About the Event: In this talk, Professor Shirin Sinnar will unpack the historical roots and contemporary implications of framing racist political violence as “hate crimes” or “terrorism.” She will explain how the “hate crimes” and “terrorism” frames took hold in our politics, law, and culture, and how they supply two starkly different ways of conceptualizing and responding to white supremacist violence. She argues that the current move to reframe white supremacist violence as terrorism comes with grave risks, and that ultimately, neither frame is consistent with aspirations for racial justice. The response to white supremacist violence should begin with a critical reexamination of both frames. This talk is based on Professor Sinnar’s forthcoming article in the California Law Review.
This event is part of the year-long initiative on “Ethics & Political Violence” jointly organized by the Center for International Security and Cooperation (CISAC) and The McCoy Family Center for Ethics in Society. This event is hosted by CISAC and is co-sponsored by McCoy Family Center for Ethics in Society.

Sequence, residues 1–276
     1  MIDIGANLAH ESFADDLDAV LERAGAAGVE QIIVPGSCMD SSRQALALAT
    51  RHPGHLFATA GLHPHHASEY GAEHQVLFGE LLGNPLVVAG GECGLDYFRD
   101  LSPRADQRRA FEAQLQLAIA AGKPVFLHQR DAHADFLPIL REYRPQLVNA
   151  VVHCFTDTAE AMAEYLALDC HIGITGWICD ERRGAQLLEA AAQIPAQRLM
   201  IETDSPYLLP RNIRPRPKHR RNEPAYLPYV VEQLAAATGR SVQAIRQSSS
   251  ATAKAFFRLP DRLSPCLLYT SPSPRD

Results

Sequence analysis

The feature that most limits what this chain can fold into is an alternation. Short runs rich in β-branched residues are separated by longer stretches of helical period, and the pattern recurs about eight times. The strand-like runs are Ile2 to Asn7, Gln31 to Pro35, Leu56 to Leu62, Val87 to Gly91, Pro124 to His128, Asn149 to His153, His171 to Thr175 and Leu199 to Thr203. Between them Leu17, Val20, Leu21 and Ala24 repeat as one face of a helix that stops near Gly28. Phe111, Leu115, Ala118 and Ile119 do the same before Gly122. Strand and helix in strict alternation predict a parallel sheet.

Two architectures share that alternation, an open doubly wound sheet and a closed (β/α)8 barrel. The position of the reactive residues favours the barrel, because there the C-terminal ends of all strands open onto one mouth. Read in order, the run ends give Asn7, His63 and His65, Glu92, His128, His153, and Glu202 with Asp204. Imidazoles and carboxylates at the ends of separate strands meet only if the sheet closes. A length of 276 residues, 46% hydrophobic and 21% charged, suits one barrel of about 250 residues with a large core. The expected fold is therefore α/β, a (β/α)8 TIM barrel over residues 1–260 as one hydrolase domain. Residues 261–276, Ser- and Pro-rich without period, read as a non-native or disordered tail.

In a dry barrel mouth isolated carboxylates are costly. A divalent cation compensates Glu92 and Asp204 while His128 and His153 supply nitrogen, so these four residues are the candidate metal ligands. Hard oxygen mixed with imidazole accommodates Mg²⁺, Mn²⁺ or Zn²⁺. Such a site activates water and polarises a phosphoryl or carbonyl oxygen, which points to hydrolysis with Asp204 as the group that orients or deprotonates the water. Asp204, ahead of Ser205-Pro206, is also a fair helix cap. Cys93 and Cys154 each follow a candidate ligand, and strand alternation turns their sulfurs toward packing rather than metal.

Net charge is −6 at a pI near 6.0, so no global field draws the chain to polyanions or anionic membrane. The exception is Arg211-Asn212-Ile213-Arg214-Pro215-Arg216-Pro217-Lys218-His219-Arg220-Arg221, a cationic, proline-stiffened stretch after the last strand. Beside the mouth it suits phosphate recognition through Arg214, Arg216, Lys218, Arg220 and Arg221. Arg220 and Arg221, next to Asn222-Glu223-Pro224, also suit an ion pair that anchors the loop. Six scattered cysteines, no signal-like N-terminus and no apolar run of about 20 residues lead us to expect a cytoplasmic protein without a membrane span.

About the Speaker: Shirin Sinnar joined the Stanford Law faculty in 2012. Her scholarship focuses on the legal treatment of political violence, the procedural dimensions of civil rights litigation, and the role of institutions in protecting individual rights and democratic values in the national security context. In 2017, she was the co-recipient of the inaugural Mike Lewis Prize for National Security Law Scholarship for her article, The Lost Story of Iqbal. In March 2021, she testified on anti-Asian hate violence before the U.S. House of Representatives Judiciary Subcommittee on the Constitution, Civil Rights, and Civil Liberties. Prior to her appointment at Stanford, Sinnar worked as a civil rights attorney for the Asian Law Caucus and the Lawyers’ Committee for Civil Rights and as a law clerk to the Honorable Warren Ferguson of the U.S. Ninth Circuit Court of Appeals.